`Olive Tree Biomass a Promising Fossil Fuel Alternative - Olive Oil Times

Olive Tree Biomass a Promising Fossil Fuel Alternative

By Naomi Tupper
Jan. 26, 2020 09:15 UTC

Research car­ried out by the University of Jaén and pre­sented at the recent Bioptima con­fer­ence has high­lighted the great promise of olive tree bio­mass in the gen­er­a­tion of ethanol as a bio-fuel, as well as other poten­tially use­ful prod­ucts.

The research, headed by Dr. Eulogio Castro, has spanned sev­eral years, begin­ning with the first demon­stra­tion of the pro­duc­tion of ethanol from olive tree residue. Subsequent projects have expanded to the con­cept of a bio-refin­ery based on this bio­mass. Ethanol is an impor­tant bio-fuel, already added to fuel sup­plies in Spain and around the world, and a viable par­tial replace­ment to fos­sil fuels. Its pro­duc­tion is thus an area of great inter­est and sub­stan­tial research on the sub­ject is being funded around the world.

The process of pro­duc­ing ethanol from olive tree bio­mass is a sim­ple process made up of four main steps. The tree is com­posed of a num­ber of com­pounds, of which sug­ars in the form of cel­lu­lose and hemi­cel­lu­lose are the most impor­tant. These sug­ars are held together by a com­pound called lignin. The first step of the process involves the degra­da­tion of this lignin cement’, fol­lowed by the sol­u­bil­i­sa­tion of hemi­cel­lu­lose. Enzymatic hydrol­y­sis then occurs, by which cel­lu­lose is attacked by enzymes and bro­ken down into the sim­pler glu­cose units. This step is essen­tial as only sin­gle sugar mol­e­cules can be con­verted to ethanol — it is not pos­si­ble to covert cel­lu­lose directly. Fermentation of this glu­cose by yeast or other microor­gan­isms to gen­er­ate ethanol is then car­ried out. Finally, the ethanol is sep­a­rated for use as a bio-fuel.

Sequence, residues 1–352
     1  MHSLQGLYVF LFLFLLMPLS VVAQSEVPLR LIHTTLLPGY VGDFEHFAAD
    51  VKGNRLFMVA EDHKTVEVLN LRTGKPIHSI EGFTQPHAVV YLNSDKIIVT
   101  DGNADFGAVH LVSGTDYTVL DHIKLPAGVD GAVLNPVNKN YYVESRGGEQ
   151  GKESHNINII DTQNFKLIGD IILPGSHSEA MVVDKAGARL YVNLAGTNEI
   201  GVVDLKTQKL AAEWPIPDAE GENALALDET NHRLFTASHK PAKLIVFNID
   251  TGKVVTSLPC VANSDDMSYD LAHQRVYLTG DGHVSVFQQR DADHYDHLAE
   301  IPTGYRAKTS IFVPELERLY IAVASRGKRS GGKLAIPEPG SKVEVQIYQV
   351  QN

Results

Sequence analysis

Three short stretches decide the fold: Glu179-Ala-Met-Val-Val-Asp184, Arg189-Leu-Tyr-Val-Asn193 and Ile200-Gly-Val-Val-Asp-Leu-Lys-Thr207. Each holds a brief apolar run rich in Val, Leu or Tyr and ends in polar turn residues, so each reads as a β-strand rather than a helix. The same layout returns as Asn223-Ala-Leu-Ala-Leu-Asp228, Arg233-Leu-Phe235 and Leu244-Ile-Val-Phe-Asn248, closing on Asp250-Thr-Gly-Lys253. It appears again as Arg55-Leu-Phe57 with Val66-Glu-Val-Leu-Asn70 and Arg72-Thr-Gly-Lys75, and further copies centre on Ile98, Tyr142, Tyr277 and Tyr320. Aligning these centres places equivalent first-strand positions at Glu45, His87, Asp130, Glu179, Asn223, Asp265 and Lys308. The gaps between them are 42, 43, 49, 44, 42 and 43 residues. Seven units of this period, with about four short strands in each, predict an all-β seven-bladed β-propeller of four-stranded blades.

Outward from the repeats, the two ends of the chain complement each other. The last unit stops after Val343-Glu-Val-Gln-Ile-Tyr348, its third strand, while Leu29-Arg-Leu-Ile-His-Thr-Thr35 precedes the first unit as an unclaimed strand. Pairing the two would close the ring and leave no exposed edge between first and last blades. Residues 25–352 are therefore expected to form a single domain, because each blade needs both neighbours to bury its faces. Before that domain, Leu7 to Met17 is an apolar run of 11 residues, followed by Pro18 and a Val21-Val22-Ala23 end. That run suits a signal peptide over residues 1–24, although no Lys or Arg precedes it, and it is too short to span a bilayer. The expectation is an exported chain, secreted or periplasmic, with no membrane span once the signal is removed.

Dr. Castro stated that the use of olive tree bio­mass in this process had a huge advan­tage over other pri­mary sources as it was a waste prod­uct pro­duced in huge amounts annu­ally (3 tons per hectare in the 2.4 mil­lion hectares of olive groves in Spain alone), with no indus­trial uses. In addi­tion to this it is essen­tial to remove this bio­mass from fields to pre­vent the spread of veg­e­tal dis­eases. Currently tree waste is burned, so rather than spend money on dis­pos­ing the waste, it makes sense to use it to con­vert the residue into a use­ful prod­uct.

Ethanol pro­duced from olive tree bio­mass is termed as a sec­ond gen­er­a­tion bio-fuel, as it is pro­duced from a source that is not viable for other uses. This makes it prefer­able to those known as first gen­er­a­tion, which are pro­duced from raw mate­r­ial that have food or feed appli­ca­tion, such as grains. It is there­fore an ideal source from which to gen­er­ate par­tial fos­sil fuel replace­ments. In addi­tion to ethanol pro­duc­tion, the gen­er­a­tion of other use­ful prod­ucts from olive tree bio­mass such as a com­pound exhibit­ing antiox­i­dant capac­ity and oligo-sac­cha­rides, which could be used in the food and phar­ma­ceu­ti­cal indus­tries respec­tively, have been demon­strated by Castro’s team.

Despite the advan­tages of this type of bio fuel pro­duc­tion, there are sev­eral bar­ri­ers still hin­der­ing fur­ther devel­op­ment. Dr. Castro explains that in the spe­cific case of olive bio­mass, which is obtained by prun­ing, logis­tics is one of the main con­cerns. A col­lec­tion sys­tem is needed that can trans­port large amounts of bio­mass from fields to trans­for­ma­tion plants, with eco­nomic effi­ciency.” He also said that the cur­rent tech­no­log­i­cal issues being addressed involved improv­ing yields in all steps of the process and that, as always, ongo­ing fund­ing from pub­lic and pri­vate orga­ni­za­tions were essen­tial to con­tin­ued research into this poten­tial fuel source.


La Informacion
Dr Eulogio Castro Galiano

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